5 things every employer should make sure employees know about their workplace rights
NOTE: The article below, written by Chain | Cohn | Clark workers’ compensation attorneys James Yoro and Beatriz Trejo, appeared in the August/September 2015 issue of the Kern Business Journal. The Kern Business Journal is a bi-monthly publication of The Bakersfield Californian, showcasing business and industry developments across Kern County.
It is important for employers to talk to their employees about their rights at the workplace before an incident occurs. The personal injury and workers’ compensation* law firm Chain | Cohn | Clark reminds employers to discuss regulatory issues, industry trends and state requirements with their employees.
For employers, knowing information about regulatory issues, industry trends and state requirements is crucial to the success of a business. Business owners can even find themselves in regulatory trouble if they don’t follow new rules.
For example, it’s especially important and required, for California employers to post workplace information to inform their employees of their rights.
These postings must be in an area frequented by employees where it may be easily accessed and read during an average workday. Common locations for postings include a company break room, near an employee entrance, kitchen or copy room. Employers are required to post information about wages, hours, working conditions, unemployment insurance, and disability insurance and paid family leave.
Although additional posting requirements apply to certain employers, the basic posting requirements are clear for all employers. Here are just a few of them:
1) Essential notices
The California Department of Industrial Relations requires that most employers post the state’s minimum wage, provide information about paid sick leave, its entitlement and usage. An employer must also provide information indicating its regular paydays, including the time and place of payment.
2) Safety first
Although safety notices vary greatly depending on the employer, all employers must have pertinent information regarding safety rules in English and Spanish and have emergency responders’ phone numbers. Employers in certain industries, such as employers who use hazardous material or equipment or who employ more than a specified number of employees, may have additional posting requirements.
3) Benefits postings
All employers must post workers’ compensation information and benefits notices. There is no set format for providing this notice, so long as all necessary information is contained in it. Although an employer may elect to send their notices to the administrative director of the California Division of Workers’ Compensation for review and approval, most employer’s workers’ compensation insurance of claims administrator will often provide this service and will supply the employer with a professionally printed copy of the poster and worker’s compensation claims forms. Other forms or pamphlets might also need to be provided to new hires or in certain situations.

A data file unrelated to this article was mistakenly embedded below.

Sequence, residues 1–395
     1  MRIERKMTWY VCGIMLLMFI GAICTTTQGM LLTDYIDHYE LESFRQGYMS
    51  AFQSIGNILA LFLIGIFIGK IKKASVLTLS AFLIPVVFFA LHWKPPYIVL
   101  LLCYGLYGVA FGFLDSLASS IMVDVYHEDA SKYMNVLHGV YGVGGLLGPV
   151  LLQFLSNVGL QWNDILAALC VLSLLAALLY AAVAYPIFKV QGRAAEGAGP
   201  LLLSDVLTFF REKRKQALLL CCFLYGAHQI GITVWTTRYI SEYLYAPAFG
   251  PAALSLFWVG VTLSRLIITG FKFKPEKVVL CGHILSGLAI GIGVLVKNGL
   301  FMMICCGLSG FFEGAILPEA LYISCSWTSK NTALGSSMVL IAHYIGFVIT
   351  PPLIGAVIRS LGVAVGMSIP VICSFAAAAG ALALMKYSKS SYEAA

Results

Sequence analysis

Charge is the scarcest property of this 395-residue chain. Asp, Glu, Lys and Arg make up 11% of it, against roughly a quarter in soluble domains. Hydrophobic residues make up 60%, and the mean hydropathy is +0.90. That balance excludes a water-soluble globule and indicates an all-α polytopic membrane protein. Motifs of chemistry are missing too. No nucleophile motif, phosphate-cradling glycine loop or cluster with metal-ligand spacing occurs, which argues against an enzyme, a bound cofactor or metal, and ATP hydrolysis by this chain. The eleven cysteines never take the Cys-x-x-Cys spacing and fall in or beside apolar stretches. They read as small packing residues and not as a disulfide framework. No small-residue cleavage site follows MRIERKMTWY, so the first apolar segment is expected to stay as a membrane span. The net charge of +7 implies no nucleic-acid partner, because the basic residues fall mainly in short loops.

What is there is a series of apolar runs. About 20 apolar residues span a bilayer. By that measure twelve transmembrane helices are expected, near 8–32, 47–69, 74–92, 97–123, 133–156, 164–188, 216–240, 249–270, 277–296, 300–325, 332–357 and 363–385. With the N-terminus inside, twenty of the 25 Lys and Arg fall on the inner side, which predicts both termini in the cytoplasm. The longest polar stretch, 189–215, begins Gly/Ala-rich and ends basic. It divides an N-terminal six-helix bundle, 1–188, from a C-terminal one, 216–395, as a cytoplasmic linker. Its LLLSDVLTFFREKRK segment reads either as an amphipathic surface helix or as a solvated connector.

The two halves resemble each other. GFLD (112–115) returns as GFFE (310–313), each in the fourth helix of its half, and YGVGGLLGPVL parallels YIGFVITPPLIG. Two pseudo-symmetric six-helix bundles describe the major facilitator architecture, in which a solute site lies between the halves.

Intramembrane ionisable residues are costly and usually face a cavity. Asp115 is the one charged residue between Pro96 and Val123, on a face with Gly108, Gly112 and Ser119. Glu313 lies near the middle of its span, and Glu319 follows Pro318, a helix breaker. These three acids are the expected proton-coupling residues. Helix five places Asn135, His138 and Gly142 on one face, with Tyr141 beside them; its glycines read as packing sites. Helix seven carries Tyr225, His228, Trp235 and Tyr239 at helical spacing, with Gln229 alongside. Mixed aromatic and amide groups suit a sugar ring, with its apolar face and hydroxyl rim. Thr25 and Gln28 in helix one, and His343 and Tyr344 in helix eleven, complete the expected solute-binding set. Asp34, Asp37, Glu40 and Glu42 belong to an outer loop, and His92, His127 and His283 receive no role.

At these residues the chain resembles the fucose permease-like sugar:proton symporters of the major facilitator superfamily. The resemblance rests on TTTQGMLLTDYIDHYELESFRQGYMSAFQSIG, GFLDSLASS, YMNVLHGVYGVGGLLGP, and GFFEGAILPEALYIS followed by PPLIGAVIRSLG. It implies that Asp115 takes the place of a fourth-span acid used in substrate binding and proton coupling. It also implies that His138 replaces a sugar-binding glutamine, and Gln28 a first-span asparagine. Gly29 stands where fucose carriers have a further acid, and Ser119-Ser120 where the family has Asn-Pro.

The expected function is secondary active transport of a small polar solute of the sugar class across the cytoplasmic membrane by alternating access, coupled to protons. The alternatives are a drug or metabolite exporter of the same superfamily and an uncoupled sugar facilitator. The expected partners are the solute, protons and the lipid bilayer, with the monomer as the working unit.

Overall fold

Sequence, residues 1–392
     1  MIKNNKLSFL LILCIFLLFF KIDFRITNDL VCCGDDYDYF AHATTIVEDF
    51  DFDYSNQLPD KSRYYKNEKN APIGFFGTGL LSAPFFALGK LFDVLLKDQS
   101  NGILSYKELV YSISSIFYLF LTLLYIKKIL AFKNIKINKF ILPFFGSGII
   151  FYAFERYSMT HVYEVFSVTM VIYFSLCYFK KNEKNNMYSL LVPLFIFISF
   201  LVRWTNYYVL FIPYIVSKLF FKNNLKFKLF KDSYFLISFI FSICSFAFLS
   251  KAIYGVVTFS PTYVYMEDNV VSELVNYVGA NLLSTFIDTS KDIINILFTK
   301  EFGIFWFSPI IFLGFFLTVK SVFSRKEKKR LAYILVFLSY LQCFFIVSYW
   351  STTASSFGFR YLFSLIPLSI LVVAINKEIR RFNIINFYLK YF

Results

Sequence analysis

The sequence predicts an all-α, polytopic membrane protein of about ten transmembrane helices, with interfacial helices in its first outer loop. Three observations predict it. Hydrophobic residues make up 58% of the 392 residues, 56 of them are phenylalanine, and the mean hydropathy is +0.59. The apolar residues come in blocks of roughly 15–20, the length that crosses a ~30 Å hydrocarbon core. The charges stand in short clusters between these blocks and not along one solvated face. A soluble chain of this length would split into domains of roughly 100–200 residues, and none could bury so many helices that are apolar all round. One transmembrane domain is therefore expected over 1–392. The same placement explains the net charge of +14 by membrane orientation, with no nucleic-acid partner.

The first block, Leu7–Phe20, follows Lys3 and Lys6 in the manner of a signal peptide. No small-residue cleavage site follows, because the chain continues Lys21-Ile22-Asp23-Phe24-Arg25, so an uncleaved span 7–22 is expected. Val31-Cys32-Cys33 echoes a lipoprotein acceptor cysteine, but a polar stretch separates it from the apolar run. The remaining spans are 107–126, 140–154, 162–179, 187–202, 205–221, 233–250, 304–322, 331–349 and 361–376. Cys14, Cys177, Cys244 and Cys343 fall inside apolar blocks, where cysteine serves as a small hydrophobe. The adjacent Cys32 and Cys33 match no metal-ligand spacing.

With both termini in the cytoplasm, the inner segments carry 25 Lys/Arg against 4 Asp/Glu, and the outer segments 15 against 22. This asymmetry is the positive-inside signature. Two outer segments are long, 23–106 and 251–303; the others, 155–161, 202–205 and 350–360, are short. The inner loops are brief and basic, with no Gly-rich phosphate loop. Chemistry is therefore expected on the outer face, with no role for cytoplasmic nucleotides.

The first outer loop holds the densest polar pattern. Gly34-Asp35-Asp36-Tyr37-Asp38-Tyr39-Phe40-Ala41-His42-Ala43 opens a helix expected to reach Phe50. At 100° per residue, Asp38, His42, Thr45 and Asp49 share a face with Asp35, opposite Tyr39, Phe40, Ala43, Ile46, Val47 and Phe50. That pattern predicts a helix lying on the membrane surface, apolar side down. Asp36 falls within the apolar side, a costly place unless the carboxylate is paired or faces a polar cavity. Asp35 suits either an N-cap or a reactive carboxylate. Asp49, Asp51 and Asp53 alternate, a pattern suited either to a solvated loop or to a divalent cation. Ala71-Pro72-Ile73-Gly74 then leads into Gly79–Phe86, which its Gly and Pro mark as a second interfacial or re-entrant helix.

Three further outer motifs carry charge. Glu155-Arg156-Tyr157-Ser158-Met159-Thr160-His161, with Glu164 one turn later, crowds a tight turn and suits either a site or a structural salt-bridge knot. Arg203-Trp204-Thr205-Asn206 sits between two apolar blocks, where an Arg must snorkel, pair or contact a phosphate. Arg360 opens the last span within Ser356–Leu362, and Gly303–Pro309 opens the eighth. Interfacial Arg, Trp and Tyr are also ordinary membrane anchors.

4) When to post
Employers need not replace the postings every year. Postings need to be revised and replaced when the content changes. Most postings do not change once the language has been established. The California Department of Industrial Relations will announce posting updates on its webpage – dir.ca.gov – when they occur.
5) Get some help
There are several agencies that help employers navigate through the posting requirements at no cost. The California Department of Industrial Relations provides a list of industries and occupational groups from which an employer can get information about specific posting requirements. The Industrial Welfare Commission also has an alphabetical index of businesses and occupations that provide employers information as to which wage order governs them. Cal/OSHA can also give employers a list of health and safety notices. Once an employer is registered with the California Employment Development Department, it will receive a notice to post from that agency. A comprehensive list of postings requirements can also be found at the California Tax Services Center website. Employers may also elect to use a private vendor to assemble packages of required posters.
– James Yoro is senior partner at Chain Cohn Clark, where he manages the law firm’s workers’ compensation practice, and has nearly 40 years of experience in Kern County in his field. Beatriz Trejo is an associate attorney in the workers’ compensation department at Chain Cohn Clark.
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For more information and tips on workers’ compensation or if you’ve been hurt while on the job, contact the Bakersfield workers’ compensation attorneys at 661-323-4000. Also, visit Chain | Cohn | Clark’ specialized workers’ compensation website — for frequently asked questions and answers, and other information — by clicking here.
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*NOTICE: Making a false or fraudulent Workers’ Compensation claim is a felony subject to up to 5 years in a prison or a fine of up to $150,000 or double the values of the fraud, whichever is greater, or by both imprisonment and fine.